Anglo American Wins U.K. Ruling Over African Miners’ Injuries

Anglo American Plc (AAL)’s South African unit can’t be sued in the U.K. by hundreds of miners who blame the company for dust in African gold mines that they say caused lung disease, a London judge ruled today.

The London court doesn’t have jurisdiction over the dispute, Judge Andrew Smith said in his ruling. The miners say they suffer from silicosis caused by exposure to dust in sites run by Anglo American South Africa Ltd.

Foreign claimants flock to London to file lawsuits even when the disputes little connection to the U.K. Royal Dutch Shell Plc was sued by thousands of Nigerians in the U.K. courts in March 2012 claiming their land, rivers and wetlands were spoiled by two oil spills in the Niger River delta in 2008.

“The English court is not obliged to assume jurisdiction over claims that have little if anything to do with this country,” he said.

More than 200,000 workers are suing 30 mining companies including Anglo American South Africa over silicosis claims in the country that could lead to awards of 1 million rand ($103,000) each in damages, according to the lawyer who filed the claim.

South Africa’s highest court ruled in 2011 that former miners were able to seek compensation from producers regardless of whether they qualified for state benefits for work-related diseases, exposing mining companies to claims.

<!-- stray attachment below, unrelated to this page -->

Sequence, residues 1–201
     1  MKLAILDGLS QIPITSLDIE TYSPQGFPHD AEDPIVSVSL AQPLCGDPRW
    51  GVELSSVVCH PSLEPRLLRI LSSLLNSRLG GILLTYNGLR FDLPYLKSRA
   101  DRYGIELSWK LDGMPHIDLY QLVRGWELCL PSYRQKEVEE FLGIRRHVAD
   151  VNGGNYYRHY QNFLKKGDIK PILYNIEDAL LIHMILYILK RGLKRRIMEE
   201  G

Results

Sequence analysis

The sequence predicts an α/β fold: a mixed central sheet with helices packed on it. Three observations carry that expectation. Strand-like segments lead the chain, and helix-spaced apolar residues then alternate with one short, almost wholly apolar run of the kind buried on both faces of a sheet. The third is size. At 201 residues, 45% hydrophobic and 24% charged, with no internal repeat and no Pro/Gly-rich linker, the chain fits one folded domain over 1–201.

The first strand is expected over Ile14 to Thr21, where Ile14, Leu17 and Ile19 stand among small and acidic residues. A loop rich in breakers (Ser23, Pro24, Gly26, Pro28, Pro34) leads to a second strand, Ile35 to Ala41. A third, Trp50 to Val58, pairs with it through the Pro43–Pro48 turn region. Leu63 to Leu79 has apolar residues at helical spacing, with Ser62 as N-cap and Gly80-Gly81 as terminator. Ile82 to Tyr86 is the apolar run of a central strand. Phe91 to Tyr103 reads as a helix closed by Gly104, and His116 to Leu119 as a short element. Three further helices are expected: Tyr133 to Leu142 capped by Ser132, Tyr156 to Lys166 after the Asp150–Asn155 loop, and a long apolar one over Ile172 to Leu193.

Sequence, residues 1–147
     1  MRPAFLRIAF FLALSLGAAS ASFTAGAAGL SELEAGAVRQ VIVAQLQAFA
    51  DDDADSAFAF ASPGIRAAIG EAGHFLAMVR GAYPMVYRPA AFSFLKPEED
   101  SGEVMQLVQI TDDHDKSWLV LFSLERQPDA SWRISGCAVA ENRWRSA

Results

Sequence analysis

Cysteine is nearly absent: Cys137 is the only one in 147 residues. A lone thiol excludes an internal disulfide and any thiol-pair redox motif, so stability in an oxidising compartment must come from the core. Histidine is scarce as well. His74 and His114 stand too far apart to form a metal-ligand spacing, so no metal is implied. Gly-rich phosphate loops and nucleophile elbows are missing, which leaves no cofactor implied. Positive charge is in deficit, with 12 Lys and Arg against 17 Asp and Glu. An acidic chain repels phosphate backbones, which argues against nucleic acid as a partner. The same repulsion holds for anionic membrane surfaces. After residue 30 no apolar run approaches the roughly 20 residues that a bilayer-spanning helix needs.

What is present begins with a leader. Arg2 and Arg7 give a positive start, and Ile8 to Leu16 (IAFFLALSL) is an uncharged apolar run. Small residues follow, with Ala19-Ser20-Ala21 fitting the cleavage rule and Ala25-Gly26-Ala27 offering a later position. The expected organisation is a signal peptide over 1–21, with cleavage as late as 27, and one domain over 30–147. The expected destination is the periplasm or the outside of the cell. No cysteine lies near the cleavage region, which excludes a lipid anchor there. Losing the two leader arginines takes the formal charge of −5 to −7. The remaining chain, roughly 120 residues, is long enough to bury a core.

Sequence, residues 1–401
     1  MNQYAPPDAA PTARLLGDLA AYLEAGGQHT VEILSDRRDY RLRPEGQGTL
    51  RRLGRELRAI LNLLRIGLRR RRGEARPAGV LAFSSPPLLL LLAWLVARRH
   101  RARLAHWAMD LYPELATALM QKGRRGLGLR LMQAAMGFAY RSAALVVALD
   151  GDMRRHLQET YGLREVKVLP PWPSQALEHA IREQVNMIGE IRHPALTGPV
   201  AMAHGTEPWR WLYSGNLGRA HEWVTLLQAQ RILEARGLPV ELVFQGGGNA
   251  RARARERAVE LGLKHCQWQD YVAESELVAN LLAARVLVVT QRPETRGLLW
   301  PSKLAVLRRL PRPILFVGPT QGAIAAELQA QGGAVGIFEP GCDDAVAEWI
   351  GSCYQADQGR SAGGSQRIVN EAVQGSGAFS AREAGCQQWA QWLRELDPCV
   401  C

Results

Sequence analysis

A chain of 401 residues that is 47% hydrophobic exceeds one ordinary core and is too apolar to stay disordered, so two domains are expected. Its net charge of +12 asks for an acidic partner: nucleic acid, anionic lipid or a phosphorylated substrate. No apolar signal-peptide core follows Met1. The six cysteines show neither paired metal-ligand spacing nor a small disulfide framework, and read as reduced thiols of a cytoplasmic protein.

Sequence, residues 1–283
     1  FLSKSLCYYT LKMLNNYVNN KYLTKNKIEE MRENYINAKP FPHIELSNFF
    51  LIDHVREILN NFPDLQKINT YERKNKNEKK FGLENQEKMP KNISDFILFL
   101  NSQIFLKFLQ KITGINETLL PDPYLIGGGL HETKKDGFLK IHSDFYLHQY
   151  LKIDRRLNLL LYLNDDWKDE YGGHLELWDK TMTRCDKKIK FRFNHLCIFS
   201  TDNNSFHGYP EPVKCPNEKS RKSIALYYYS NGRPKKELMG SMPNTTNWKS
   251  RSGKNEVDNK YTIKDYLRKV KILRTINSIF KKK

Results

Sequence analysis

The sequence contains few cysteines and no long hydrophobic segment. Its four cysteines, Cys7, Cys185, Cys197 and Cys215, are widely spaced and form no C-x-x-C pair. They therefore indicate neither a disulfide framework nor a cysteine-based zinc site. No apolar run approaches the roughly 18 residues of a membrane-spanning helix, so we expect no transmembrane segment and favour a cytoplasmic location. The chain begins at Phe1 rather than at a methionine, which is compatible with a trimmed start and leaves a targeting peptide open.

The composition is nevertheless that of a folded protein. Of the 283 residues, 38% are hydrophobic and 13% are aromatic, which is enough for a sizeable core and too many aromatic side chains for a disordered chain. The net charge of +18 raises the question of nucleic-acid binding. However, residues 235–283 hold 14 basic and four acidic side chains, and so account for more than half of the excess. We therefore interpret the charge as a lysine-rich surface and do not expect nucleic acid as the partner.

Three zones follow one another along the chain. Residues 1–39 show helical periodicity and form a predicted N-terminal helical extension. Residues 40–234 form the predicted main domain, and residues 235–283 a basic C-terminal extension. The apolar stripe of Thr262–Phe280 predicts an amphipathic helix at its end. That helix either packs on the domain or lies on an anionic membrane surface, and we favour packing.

Lawyers at Leigh Day & Co., which represents the miners, didn’t immediately respond to a request for comment.

“Anglo American South Africa believes that the court correctly found that the English court does not have jurisdiction to hear this claim,” a spokeswoman for the company said in an e-mail.

Anglo American is facing a class-action suit in South Africa from the miners with silicosis who worked at 11 operations that the company used to own after lawyers made an application to a Johannesburg court March 7.

Silicosis, from silica dust, causes scar tissue in the lungs, increasing vulnerability to tuberculosis that can kill more than half of sufferers if not properly treated.

To contact the reporter on this story: Jeremy Hodges in London at

To contact the editor responsible for this story: Anthony Aarons at

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